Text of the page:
they are hallucinating. Eating or drinking before taking the
drug can cause vomiting.
regarding the long-term effects of Ketamine is mainly anecdotal.
Flashbacks of experiences and hallucinations while under the
influence of the drug have been reported. There have also been
suggestions that long-term use of Ketamine can damage the memory
and eyesight of the user, as well as reducing attention span.
Frequent use can cause disruptions in consciousness and lead
to neuroses or other mental disorders.
BBC report in May 2000 claimed that medical research had shown
that controlled tests on Ketamine users had revealed impaired
memory and mild schizophrenia several days after taking the
psychological difficulties which seem to come up for those who
use Ketamine regularly are paranoia and egocentrism. There are
many reports of regular users starting to see patterns and coincidences
(synchronicities) in the world around them which seem to indicate
that they are somehow more important or integral to the world
than others. This same sense of the world focusing on the user
can also feed into a sense of paranoia.
A main characteristic of Ketamine is a stupor similar to extreme
drunkenness. This is commonly known as "being in the K-hole."
Can you overdose on Ketamine?
Yes, an overdose of Ketamine will knock you out as if in an
operating room. If
repeatedly taken in large doses, Ketamine can induce unconsciousness
and failure of the cardiovascular system, leading to death.
There are at least seven Ketamine related deaths known nationally.
Is Ketamine addictive?
Yes, Ketamine can cause a tremendous psychological dependence
and may be physically addicting as well. The dissociation from
one's consciousness experienced with Special K (the entrance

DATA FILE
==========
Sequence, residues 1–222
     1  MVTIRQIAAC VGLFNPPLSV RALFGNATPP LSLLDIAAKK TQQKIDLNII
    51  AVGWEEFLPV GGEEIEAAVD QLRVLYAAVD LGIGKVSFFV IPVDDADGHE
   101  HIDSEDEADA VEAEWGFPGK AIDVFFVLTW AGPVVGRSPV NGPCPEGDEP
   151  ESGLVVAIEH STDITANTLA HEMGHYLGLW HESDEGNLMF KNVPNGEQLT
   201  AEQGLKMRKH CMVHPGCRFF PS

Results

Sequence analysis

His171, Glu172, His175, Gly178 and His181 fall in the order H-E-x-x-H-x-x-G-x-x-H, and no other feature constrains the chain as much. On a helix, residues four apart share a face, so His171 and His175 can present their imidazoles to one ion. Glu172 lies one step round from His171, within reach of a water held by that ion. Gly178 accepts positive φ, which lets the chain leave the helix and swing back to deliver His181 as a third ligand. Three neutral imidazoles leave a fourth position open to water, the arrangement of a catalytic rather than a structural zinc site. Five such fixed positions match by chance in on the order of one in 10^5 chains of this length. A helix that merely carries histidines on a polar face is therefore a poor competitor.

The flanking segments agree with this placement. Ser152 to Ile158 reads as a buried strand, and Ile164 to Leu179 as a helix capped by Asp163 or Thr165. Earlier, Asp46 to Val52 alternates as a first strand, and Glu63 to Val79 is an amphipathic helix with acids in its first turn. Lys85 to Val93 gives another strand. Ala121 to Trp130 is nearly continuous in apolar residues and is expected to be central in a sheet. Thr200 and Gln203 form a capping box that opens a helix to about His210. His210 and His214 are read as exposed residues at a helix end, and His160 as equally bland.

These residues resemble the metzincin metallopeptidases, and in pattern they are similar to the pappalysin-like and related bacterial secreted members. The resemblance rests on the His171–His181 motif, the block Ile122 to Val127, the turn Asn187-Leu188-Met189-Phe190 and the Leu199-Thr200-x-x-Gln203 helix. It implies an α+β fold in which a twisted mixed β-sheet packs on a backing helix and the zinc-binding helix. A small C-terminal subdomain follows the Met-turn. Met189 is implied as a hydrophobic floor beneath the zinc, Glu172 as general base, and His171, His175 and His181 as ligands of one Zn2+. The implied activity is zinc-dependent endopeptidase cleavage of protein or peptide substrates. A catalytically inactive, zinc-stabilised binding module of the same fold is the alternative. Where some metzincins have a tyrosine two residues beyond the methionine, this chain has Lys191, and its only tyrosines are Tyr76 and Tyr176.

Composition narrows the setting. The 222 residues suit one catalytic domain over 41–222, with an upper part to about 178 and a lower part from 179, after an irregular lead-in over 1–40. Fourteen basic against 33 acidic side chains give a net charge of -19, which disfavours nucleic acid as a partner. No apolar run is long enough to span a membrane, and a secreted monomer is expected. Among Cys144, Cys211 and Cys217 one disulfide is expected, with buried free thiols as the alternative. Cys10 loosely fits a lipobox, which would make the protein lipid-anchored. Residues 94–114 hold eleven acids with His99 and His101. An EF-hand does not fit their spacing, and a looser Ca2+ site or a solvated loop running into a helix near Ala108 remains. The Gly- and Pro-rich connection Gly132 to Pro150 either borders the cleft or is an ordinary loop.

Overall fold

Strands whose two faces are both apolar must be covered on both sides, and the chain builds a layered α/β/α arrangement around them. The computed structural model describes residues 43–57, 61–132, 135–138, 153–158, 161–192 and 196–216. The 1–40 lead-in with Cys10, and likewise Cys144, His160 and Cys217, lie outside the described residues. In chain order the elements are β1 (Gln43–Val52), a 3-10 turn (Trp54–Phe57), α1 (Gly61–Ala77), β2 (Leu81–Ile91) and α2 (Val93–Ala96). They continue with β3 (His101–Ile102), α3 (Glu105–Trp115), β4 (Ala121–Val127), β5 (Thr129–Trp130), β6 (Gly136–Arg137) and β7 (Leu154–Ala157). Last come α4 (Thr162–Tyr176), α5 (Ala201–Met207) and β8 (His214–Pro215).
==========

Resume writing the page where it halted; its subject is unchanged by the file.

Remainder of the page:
to "K-Land") can be highly seductive, and there are
many cases of Ketamine addiction. If used regularly, users of
Special K can quickly build a tolerance to the drugs effects.
Special K is illegal and possession can result in long prison
What are the slang terms used for Ketamine?
Special K, Ketalar, Ketaject, Ketaset, Super-K, "K",
Ket Kat, Cat Valium, Vitamin K
What is the history behind Ketamine?
Abuse of Ketamine (pronounced Kee-ta-meen) goes hand in hand
with gamma hydroxy butyrate (GHB) and MDMA (Ecstasy). Where
you find one, you will likely find the others. All three are
very popular with the RAVE party crowd. Ketamine hcl, a cat
tranquilizer and the most commonly used anesthetic in the Vietnam
War. It was popular in the 70's. Ketamine is a psychedelic anesthetic
classified medically as a dissociative anesthetic, discovered
by Dr. Cal Stevens of Wayne State University in 1961. Heavily
used on the battlefields of Vietnam, it is used today for short-term
surgical procedures in both animals and humans. It is sold only
to hospitals and physicians. Since it does not depress critical
body vitals, it is often used in procedures with burn victims
K has exploded in the past few months onto the suburban drug
scene. In February, the U.S. Drug Enforcement Administration
warned that use is increasing at teen "rave" parties,
the marathon dances that have spawned a new youth subculture.
Anti-drug czar Barry McCaffrey's office added K to its list
of "emerging drugs" in 1995; the office's latest "pulse
check" of the nation found K "all over." St.
Louis, Mo., Tampa, Fla., and suburban New Jersey have seen a
rash of animal-hospital break-ins by thieves hunting for Ketamine.